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Garcia v. Pancho Villa's of Huntington Village

March 11, 2010

ANTONIO GARCIA, JOSE AMAYA, NEPTALI AMAYA, ON BEHALF OF THEMSELVES, AND ALL OTHERS SIMILARLY SITUATED, PLAINTIFF(S),
v.
PANCHO VILLA'S OF HUNTINGTON VILLAGE, INC., PANCHO VILLA'S OF HUNTINGTON STATION, INC., VILLA'S PANCHO INC., PANCHO VILLA'S OF GLEN COVE, INC., AGOSTINO ABBATVELLO, AN INDIVIDUAL AND AGOSTINO ABBATVELLO, JR., AN INDIVIDUAL, DEFENDANT(S).



The opinion of the court was delivered by: E. Thomas Boyle United States Magistrate Judge

MEMORANDUM OPINION AND ORDER

Before the court is the plaintiffs' motion to amend their Summons and Complaint a second time to include six additional plaintiffs and five additional defendants. Defendants oppose plaintiffs' motion on the grounds that it is futile and that permitting the amendment would prejudice defendants. For the following reasons, plaintiffs' motion to amend is granted.

FACTS

This action commenced with the filing of a Complaint on February 6, 2009. An Amended Complaint was filed on March 26, 2009. The allegations of the Proposed Second Amended Complaint are substantially the same as those contained in the Amended Complaint, with the addition of six new plaintiffs and five new defendants.

Plaintiffs, Antonio Garcia ("Garcia"), Jose Amaya ("J. Amaya") and Neptali Amaya ("N. Amaya") (collectively referred to as "plaintiffs"), are all current or former employees of defendant Pancho Villa's of Huntington Station, Inc. ("Pancho Villa's Huntington Station"), which was formerly owned by defendant Agostino Abbatiello ("Abbatiello, Sr.") (sued herein as "Agostino Abbatvello") and is currently owned by defendant Agostino Abbatiello, Jr. ("Abbatiello, Jr.") (sued herein as "Agostino Abbatvello, Jr.").*fn1 Garcia was employed by defendants from July 2000 to January 2009 and again from February 2009 to the present, J. Amaya was employed from December 2003 to September 2009, and N. Amaya was employed from May 2006 to April 2008. (Proposed 2d Am. Compl. ¶¶ 25, 27, 29.) During the course of their employment, plaintiffs all assisted in the preparation and service of food and drinks, the dishwashing and cleaning of the restaurant, as well as general inventory and maintenance tasks. (Proposed 2d Am. Compl. ¶¶ 26, 28, 30.)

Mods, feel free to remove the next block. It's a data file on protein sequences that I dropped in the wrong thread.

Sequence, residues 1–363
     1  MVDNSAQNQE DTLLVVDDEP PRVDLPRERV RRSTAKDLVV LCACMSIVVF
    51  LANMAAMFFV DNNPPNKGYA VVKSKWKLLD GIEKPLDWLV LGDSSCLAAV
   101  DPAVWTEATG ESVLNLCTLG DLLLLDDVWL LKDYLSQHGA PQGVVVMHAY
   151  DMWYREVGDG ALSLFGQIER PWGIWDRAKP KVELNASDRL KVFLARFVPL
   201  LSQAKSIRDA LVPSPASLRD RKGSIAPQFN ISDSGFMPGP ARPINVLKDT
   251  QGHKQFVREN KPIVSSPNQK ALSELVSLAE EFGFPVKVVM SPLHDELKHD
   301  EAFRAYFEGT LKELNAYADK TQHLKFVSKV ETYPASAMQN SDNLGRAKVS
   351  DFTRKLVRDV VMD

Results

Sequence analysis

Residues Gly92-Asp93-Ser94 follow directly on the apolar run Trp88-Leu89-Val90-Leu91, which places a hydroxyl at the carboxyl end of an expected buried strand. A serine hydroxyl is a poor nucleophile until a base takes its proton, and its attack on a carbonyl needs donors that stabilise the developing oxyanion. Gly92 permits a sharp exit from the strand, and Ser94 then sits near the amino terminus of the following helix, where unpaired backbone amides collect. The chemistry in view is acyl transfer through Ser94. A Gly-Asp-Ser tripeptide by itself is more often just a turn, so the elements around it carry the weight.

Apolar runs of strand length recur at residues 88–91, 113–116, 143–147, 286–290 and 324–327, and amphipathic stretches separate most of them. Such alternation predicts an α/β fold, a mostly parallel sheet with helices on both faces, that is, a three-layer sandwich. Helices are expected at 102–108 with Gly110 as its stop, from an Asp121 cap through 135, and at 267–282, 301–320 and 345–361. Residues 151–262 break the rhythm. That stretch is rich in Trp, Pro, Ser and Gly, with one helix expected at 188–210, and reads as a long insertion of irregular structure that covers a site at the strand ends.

Plaintiffs allege that they were denied overtime pay for hours worked in excess of forty hours per week. (Proposed 2d Am. Compl. ¶¶ 245, 249, 253.) Plaintiffs allege that they all worked more than forty hours per week for most of their employment, with Garcia alleging that he often worked more than seventy hours per week, J. Amaya alleging that he often worked more than fifty hours per week and N. Amaya alleging that he often worked more than eighty hours per week. (Proposed 2d Am. Compl. ¶¶ 244, 248, 252.) Plaintiffs allege that they were not compensated at a rate of one and one-half times their regular pay rate for those hours worked in excess of forty, as required by law. (Proposed 2d Am. Compl. ¶¶ 245, 249, 253.) Plaintiffs further allege that other similarly situated employees have been unlawfully denied overtime compensation as well. (Proposed 2d Am. Compl. ¶ 309.)

Plaintiffs bring this action pursuant to the Fair Labor Standards Act ("FLSA"), 29 U.S.C. §§ 201 et seq., alleging that defendants' failure to pay them for their overtime hours violates Section 207 of that Act, as well as Section 650 of the New York Labor Law, 12 N.Y.C.R.R. § 137. Plaintiffs also allege that defendants failed to pay them minimum wage, in violation of the FLSA, 29 U.S.C. § 203, and New York Labor Law § 650. Plaintiffs further allege spread of hours violations, as well as unlawful tip retention and wage reduction by defendants, in violation of the New York Labor Law. Finally, plaintiffs allege retaliation, pursuant to the FLSA, 29 U.S.C. § 215, and New York Labor Law § 215.